'What I rise up for is to propose a Bill, which may remedy the Inconvenience, that the worthy Gentleman complains of; a Bill, on which the Safety of the Nation seems to depend, as much as on the Success of the War in which we are engaged. The carrying on the War would be throwing away so much Treasure, and so many Lives, unless at the same time, that we secure our Liberties against a foreign Enemy, we cannot prevent the Danger of their being undermined at home.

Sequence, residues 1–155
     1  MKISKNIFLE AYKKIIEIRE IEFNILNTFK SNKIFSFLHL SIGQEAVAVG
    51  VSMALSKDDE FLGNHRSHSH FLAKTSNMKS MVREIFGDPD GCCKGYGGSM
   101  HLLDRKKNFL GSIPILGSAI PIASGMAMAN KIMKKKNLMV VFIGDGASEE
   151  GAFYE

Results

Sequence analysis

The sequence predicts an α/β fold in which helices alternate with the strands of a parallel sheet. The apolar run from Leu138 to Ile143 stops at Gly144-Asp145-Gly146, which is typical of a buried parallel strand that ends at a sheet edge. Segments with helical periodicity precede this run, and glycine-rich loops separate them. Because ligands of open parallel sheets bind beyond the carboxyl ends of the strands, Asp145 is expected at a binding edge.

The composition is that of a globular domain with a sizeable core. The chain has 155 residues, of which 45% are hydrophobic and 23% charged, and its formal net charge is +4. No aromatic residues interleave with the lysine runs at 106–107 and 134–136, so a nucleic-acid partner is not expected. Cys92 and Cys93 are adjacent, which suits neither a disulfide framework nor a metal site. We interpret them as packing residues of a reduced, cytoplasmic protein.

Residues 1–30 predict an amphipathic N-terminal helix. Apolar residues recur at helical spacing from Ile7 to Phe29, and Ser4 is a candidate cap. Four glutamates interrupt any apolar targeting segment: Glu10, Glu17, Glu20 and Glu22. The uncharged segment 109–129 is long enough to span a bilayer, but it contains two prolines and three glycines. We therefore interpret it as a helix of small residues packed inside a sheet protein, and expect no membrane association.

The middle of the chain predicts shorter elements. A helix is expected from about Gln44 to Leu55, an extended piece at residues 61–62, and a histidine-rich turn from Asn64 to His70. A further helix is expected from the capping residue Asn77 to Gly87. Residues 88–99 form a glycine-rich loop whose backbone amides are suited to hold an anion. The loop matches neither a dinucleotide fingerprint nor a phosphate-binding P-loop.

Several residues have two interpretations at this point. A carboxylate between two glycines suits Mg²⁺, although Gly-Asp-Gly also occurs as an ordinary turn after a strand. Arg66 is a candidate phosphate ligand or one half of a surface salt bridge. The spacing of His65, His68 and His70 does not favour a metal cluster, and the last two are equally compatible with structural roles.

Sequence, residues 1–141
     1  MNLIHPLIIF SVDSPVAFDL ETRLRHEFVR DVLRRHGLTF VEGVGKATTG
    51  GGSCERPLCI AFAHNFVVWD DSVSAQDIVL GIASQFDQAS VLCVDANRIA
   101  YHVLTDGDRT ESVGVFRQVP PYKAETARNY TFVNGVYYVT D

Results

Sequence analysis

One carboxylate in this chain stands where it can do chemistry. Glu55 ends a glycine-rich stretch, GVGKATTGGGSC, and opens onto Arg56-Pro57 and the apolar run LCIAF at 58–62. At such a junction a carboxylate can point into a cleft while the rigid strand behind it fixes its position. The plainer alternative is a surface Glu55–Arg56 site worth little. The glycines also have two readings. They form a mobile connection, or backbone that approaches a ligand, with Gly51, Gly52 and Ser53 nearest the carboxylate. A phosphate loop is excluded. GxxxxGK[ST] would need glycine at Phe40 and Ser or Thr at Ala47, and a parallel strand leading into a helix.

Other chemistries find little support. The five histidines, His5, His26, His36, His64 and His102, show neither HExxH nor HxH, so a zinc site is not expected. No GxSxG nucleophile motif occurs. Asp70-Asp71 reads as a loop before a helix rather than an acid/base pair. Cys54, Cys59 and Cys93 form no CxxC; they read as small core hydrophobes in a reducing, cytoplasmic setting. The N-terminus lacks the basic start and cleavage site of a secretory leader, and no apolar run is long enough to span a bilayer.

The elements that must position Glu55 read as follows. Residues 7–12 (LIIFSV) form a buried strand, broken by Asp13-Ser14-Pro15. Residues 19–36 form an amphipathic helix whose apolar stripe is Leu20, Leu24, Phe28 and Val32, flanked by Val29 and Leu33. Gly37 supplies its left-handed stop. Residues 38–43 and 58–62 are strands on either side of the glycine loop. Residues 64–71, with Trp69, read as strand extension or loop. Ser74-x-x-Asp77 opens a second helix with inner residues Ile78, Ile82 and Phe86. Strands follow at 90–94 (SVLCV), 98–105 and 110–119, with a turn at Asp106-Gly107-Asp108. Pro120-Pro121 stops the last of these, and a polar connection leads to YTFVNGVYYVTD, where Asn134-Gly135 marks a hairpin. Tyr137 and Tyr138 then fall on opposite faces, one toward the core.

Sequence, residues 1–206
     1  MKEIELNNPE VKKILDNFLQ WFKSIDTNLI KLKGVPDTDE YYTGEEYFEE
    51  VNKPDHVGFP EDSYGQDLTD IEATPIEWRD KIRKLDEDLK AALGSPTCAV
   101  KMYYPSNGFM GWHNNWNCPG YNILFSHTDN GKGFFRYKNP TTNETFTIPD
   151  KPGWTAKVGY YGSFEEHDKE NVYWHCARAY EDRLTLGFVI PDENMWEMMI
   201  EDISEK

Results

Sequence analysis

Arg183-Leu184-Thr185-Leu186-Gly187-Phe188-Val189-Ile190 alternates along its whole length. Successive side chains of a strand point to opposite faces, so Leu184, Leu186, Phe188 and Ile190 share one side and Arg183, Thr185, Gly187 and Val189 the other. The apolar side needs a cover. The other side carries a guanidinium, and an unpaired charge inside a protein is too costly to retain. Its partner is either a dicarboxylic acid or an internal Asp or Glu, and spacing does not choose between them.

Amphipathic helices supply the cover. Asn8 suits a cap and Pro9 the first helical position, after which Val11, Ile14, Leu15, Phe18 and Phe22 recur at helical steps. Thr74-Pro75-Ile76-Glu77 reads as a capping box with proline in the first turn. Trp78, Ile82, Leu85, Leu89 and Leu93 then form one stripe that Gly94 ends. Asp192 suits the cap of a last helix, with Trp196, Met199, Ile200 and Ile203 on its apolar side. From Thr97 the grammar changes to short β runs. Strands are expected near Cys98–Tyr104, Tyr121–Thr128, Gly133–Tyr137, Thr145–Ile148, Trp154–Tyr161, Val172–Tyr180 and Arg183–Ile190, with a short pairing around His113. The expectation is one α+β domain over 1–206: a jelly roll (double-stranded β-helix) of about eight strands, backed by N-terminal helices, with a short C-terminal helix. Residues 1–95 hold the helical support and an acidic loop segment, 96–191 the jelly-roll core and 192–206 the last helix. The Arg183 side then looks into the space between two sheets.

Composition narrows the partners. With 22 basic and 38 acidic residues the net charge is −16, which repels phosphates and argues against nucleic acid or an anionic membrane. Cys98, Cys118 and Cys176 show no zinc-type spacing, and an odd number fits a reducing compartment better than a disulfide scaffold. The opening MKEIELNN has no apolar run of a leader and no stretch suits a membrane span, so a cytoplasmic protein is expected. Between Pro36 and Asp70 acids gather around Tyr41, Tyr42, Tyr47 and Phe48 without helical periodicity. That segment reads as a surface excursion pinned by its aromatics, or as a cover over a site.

'If every Gentleman's Office and Employment were added to his Name as it is called over, every Call of the House would put us on considering, Whether some new Law is not wanting to lessen the Number of such Members as possess them? And I am afraid it would now appear to you, that they are more numerous than ever, notwithstanding the several Bills, that have passed both Houses, and several others, that have passed only this House; by which the Sense of the Commons hath been so often declared; though perhaps, not so well as it might have been, had we observed the same Order, when many Members are personally concerned, that we do, when one Member is, by obliging them to withdraw. The opposers of these Bills have often been so few in number, that they might be only such as were in Employment; and if they had withdrawn, the Bills might have passed without a single Negative.